Thirty or 40 years from now, you may not have a Palestinian Christian community. We would not let a nearly extinct bird vanish from the skies, or a nearly extinct species of fish disappear from the seas. We can do no less than to seek to save ourselves.
About 200 representatives of American and Palestinian Orthodox, Catholic and Protestant churches met Oct. 2 with prominent Arab Americans and Middle East diplomats in a day long national convention in Bethesda, Maryland. Their aim: to mobilize U. S. Christian support for the rapidly diminishing Christian community in the Holy Land.
The meeting was sponsored by the newly formed Holy Land Christian Ecumenical Foundation, which gathered church leaders to consider what President Clinton called in a letter to the conference “special challenges for Christians in the Holy Land”.
As descendants of the first Christians two millennia ago, Palestinian Christians consider themselves “the living stones” of their faith, said Albert Mokhiber, vice chairman of the American Arab Anti Discrimination Committee. But today, they are a beleaguered community on the verge of extinction. “Thirty or 40 years from now, you may not have a Palestinian Christian community. We would not let a nearly extinct bird vanish from the skies, or a nearly extinct species of fish disappear from the seas. We can do no less than to seek to save ourselves.”
In the words of Lutheran Bishop Munib Younan of Jerusalem, addressed to a largely American ecumenical audience: “You belong to us, and we belong to you. Our mission is yours, and yours is ours.”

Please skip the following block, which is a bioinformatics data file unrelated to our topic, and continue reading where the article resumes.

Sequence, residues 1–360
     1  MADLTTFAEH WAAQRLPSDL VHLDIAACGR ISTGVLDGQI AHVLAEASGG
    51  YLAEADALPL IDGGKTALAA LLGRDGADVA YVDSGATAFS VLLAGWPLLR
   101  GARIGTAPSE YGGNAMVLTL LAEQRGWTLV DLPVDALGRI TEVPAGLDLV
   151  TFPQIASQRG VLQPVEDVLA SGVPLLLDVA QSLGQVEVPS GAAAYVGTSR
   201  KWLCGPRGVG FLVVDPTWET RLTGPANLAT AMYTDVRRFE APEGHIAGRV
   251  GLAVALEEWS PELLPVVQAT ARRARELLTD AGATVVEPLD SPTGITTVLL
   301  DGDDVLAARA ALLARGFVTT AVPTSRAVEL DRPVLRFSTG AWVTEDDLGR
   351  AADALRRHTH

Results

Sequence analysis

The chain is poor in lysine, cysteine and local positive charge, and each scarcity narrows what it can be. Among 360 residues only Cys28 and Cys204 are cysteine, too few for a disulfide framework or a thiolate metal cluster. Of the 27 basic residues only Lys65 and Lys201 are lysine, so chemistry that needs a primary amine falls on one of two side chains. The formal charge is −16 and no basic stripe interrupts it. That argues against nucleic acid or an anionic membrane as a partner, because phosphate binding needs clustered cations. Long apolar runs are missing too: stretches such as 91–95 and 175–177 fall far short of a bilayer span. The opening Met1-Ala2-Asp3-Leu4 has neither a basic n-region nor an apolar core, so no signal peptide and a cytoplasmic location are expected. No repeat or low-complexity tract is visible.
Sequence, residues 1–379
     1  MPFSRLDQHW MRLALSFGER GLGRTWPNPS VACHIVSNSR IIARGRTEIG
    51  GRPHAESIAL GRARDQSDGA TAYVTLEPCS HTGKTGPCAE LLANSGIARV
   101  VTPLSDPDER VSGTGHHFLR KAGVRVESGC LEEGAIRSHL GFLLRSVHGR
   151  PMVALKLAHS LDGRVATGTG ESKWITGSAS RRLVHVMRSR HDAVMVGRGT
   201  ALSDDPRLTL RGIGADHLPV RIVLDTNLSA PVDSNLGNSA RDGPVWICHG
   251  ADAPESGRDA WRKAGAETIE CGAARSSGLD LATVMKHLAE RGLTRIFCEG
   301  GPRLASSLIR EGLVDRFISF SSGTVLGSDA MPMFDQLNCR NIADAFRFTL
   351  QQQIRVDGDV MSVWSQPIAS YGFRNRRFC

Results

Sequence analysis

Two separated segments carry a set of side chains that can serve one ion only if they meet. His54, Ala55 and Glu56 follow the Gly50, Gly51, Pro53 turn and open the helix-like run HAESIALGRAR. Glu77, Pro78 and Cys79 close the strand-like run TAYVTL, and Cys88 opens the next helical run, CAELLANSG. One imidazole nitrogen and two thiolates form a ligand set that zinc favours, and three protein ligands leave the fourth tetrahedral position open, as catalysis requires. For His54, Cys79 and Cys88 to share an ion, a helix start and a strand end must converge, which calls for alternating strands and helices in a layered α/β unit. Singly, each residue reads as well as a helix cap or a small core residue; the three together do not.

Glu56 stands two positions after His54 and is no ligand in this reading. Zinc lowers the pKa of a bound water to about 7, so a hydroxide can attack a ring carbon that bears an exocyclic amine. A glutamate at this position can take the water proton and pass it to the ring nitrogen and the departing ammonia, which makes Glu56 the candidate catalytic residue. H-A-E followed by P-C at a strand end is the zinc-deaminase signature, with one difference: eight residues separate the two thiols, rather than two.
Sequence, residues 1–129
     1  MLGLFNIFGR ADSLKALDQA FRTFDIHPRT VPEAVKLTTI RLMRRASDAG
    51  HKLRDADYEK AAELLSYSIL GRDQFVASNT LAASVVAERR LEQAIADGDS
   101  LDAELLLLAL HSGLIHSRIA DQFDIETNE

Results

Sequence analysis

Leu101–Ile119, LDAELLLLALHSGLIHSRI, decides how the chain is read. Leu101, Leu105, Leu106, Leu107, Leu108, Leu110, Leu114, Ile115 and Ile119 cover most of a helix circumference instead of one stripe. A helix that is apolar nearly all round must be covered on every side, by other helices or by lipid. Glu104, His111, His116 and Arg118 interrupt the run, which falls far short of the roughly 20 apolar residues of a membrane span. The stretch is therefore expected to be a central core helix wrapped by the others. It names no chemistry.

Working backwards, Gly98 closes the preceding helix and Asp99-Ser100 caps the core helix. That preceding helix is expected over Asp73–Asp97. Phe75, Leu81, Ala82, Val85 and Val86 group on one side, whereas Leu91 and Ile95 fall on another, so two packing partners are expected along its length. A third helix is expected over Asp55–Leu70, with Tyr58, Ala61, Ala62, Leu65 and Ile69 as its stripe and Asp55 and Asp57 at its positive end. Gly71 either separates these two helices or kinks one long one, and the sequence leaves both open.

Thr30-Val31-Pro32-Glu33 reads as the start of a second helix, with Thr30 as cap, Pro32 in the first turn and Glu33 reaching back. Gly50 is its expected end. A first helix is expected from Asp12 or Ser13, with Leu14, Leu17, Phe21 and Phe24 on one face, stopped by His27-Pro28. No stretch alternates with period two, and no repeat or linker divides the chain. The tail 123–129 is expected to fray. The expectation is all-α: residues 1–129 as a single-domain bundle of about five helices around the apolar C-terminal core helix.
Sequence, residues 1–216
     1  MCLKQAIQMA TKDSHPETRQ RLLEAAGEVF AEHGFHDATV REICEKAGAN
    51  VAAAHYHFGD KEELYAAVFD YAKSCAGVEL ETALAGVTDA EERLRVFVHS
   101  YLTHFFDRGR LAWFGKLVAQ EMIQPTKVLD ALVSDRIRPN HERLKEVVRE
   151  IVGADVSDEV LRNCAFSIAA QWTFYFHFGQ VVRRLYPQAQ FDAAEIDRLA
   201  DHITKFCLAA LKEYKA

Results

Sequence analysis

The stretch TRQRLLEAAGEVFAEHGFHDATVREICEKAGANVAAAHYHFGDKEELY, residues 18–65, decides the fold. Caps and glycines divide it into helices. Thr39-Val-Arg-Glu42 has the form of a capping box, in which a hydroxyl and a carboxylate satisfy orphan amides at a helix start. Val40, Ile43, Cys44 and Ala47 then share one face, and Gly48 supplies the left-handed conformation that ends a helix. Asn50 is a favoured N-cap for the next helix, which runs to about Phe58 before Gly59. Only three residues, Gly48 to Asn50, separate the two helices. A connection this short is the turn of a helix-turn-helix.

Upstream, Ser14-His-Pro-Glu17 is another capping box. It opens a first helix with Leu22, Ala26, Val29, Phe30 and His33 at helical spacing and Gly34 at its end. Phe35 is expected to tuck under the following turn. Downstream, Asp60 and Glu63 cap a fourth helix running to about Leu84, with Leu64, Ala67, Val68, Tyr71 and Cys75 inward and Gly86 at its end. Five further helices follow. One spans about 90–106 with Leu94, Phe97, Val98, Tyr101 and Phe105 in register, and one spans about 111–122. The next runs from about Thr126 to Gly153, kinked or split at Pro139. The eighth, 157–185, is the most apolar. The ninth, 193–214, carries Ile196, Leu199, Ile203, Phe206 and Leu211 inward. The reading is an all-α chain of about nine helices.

The Palestinian Christian community is in free fall because of the conditions its members face in an occupied land. Conference speakers observed that in 1920, 20 percent of Palestinians were Christians: today, less than 2 percent are. There are fewer than 8,000 Christians in Jerusalem, a city of mote than a half a million people. Reasons for their departure include conditions which affect Palestinian Muslims and Christians alike.
Separated families because of onerous Israeli security requirements for Palestinians passing through checkpoints and seizure of identity papers of Palestinian residents of Jerusalem. Several panelists mentioned the virtual conversion of “a checkpoint into a border” in Bethlehem, including a security zone 300 meters wide encroaching on the town in what was called a duplication of the tightly controlled crossing between Israel proper and Gaza.
Unemployment. This is now 30 percent, and increasing, because of Israeli restrictions on exports of farm produce from Gaza and the West Bank. There also are severe impediments to tourism. The Israeli Ministry of Tourism requires tour guides to obtain permits, and more than 95 percent of several thousand guides escorting visitors to the holy places in the coming millennial year are Jewish.
Expanded settlement activity. During the first three months of Israeli Prime Minister Ehud Barak’s government, conference participants were told, there have been even more housing starts to expand existing Jewish settlements (tenders have been issued for 6,000 of these) than there were in the final three months of the Netanyahu administration. This is despite Barak’s pledge riot to build new settlements.
Home demolitions and a decline in public health and sanitation services in East Jerusalem. “Time is running out,” according to Father George Maklouf, pastor of the Virgin Mary Antiochian Orthodox Church of Yonkers, New York. “Palestinian Christians are facing what is tantamount to ethnic cleansing.” In the words of Father Majdi Siryani of the Latin Patriarchate, Jerusalem: “Both Palestinians and Israelis are paying a heavy price they don’t have security, and we don’t have sovereignty.”
Several panelists sketched the role of Palestinian Christians as what Jordan’s Ambassador to the United States Marwan Muasher called “a bridge of understanding and a force for justice in situations in the Middle East that need more of both;” Father Siryani noted that Christians have a unique role in constitution building in a future Palestinian state. Among their tasks: ensuring that what he called “a weak rule of law” in areas now controlled by the Palestine Authority.